38 F.3d 1266 (2nd Cir. 1994), 83127, DeWeerth v. Baldinger
|Citation:||38 F.3d 1266|
|Party Name:||DeWeerth v. Baldinger|
|Case Date:||May 16, 1994|
|Court:||United States Courts of Appeals, Court of Appeals for the Second Circuit|
Argued Nov. 15, 1993.
Amended Opinion Filed After Petition
for Rehearing Oct. 27, 1994.
[Copyrighted Material Omitted]
Joseph D. Becker, Becker, Glynn, Melamed & Muffly, New York City (John R. Horan, Fox & Horan, of counsel), for plaintiff-appellee.
Leslie Gordon Fagen, Paul, Weiss, Rifkind, Wharton & Garrison, New York City, for defendant-third-party-plaintiff-appellant.
Jeremy G. Epstein, Shearman & Sterling, New York City, for third-party-defendant-appellant.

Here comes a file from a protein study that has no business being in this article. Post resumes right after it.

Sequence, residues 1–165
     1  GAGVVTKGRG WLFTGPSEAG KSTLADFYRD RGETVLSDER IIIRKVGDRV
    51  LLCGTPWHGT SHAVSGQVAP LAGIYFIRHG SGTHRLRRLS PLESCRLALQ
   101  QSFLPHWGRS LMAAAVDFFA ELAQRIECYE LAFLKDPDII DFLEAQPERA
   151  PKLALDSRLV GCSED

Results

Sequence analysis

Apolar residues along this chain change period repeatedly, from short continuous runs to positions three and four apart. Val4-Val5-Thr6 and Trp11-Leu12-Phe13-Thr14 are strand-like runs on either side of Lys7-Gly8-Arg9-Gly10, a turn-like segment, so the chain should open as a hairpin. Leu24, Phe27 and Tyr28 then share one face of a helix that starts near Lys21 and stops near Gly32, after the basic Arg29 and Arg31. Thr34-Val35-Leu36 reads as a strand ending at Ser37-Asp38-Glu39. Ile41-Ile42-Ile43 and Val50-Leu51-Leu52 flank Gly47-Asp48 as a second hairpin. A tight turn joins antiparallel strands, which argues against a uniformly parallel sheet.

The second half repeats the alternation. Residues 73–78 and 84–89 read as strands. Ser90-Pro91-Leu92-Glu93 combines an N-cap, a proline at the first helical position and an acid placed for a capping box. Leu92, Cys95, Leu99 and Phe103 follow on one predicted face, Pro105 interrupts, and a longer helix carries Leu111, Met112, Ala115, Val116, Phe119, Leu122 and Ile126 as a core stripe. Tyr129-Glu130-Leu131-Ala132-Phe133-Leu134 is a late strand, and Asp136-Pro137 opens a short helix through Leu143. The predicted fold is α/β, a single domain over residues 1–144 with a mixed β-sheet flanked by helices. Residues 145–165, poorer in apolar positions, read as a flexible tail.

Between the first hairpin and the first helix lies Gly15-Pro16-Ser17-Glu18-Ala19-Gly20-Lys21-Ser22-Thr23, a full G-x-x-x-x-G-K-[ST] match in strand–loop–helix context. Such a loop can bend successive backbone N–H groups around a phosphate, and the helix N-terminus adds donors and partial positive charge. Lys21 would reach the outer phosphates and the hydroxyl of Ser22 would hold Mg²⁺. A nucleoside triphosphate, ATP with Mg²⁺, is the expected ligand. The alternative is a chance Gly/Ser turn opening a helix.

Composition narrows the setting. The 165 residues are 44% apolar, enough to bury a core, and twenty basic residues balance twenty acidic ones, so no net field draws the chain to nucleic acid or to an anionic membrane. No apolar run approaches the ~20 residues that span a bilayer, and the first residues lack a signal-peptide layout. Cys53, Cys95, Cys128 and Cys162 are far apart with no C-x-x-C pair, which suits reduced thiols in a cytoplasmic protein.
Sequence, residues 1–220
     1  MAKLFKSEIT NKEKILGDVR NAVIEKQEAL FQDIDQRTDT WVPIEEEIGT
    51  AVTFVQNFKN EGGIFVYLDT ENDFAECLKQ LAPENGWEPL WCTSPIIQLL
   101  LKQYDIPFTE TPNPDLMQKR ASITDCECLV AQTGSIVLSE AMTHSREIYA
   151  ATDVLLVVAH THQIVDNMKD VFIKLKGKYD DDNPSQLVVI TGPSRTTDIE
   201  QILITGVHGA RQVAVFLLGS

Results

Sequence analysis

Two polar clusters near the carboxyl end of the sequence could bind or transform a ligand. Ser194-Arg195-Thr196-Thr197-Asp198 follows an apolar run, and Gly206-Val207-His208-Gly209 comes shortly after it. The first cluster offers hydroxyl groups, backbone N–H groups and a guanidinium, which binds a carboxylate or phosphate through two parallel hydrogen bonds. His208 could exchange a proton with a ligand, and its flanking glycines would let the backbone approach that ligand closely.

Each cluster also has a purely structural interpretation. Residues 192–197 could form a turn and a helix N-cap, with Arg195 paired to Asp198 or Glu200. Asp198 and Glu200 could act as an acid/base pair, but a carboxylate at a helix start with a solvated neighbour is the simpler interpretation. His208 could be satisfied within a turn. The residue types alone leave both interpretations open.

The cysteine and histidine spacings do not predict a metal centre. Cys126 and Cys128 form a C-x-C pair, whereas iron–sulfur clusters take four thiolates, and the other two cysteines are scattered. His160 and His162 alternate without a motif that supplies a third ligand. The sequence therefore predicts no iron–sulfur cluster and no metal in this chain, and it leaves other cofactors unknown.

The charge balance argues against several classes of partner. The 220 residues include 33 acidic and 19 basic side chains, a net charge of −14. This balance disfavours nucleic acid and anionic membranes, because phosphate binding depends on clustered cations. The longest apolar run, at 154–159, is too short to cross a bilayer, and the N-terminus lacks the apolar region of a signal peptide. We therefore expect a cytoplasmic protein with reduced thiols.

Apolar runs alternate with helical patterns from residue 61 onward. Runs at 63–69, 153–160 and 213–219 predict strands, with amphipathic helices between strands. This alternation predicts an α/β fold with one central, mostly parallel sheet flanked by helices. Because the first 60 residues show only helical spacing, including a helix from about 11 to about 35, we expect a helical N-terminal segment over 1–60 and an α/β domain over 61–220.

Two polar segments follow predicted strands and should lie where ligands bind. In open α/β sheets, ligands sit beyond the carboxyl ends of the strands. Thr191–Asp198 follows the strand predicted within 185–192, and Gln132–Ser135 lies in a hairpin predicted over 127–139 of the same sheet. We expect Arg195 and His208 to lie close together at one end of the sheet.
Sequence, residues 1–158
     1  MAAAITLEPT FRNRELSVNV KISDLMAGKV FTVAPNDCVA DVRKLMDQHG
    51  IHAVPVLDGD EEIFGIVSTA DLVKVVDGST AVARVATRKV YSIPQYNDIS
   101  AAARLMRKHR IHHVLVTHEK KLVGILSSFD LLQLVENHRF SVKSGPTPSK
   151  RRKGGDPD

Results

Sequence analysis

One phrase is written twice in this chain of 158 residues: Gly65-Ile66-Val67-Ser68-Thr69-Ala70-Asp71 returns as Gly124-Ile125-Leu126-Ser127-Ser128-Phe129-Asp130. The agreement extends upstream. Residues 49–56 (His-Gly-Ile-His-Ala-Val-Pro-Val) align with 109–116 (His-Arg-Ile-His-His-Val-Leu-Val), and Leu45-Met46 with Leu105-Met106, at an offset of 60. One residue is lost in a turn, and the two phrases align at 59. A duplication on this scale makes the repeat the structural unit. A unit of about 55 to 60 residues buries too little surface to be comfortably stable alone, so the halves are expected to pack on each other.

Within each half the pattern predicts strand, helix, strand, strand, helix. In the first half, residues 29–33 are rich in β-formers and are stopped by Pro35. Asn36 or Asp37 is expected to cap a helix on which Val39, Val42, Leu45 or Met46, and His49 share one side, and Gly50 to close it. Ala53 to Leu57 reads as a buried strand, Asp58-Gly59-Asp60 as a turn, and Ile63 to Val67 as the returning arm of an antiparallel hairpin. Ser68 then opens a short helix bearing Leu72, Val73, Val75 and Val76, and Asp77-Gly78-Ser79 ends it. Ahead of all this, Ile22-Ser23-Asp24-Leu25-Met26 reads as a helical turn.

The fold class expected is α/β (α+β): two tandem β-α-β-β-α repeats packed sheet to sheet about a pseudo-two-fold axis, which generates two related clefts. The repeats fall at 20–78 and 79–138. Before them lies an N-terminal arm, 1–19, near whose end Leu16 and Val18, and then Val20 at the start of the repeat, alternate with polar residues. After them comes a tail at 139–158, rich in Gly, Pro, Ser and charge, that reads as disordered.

Before: ALTIMARI and WALKER, Circuit Judges, and OWEN, District Judge. [*]
WALKER, Circuit Judge:
This appeal is the latest episode in a decade-long dispute over the ownership of an oil painting entitled "Champs de Ble a Vetheuil" by Claude Monet. The work by the celebrated French Impressionist was previously owned by plaintiff Gerda Dorothea DeWeerth, a German citizen. It was discovered missing from DeWeerth's family castle after